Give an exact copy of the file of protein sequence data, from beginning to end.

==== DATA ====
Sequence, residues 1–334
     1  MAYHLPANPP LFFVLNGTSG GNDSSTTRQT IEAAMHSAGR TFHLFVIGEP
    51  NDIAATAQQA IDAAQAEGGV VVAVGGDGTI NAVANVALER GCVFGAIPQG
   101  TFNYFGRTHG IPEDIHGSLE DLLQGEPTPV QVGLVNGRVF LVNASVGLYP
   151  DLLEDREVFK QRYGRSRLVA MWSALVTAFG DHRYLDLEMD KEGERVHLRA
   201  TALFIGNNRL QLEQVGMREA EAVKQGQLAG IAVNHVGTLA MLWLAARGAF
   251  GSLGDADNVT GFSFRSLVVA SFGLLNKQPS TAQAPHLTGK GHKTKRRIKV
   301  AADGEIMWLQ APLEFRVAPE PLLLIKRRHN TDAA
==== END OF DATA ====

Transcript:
Sequence, residues 1–334
     1  MAYHLPANPP LFFVLNGTSG GNDSSTTRQT IEAAMHSAGR TFHLFVIGEP
    51  NDIAATAQQA IDAAQAEGGV VVAVGGDGTI NAVANVALER GCVFGAIPQG
   101  TFNYFGRTHG IPEDIHGSLE DLLQGEPTPV QVGLVNGRVF LVNASVGLYP
   151  DLLEDREVFK QRYGRSRLVA MWSALVTAFG DHRYLDLEMD KEGERVHLRA
   201  TALFIGNNRL QLEQVGMREA EAVKQGQLAG IAVNHVGTLA MLWLAARGAF
   251  GSLGDADNVT GFSFRSLVVA SFGLLNKQPS TAQAPHLTGK GHKTKRRIKV
   301  AADGEIMWLQ APLEFRVAPE PLLLIKRRHN TDAA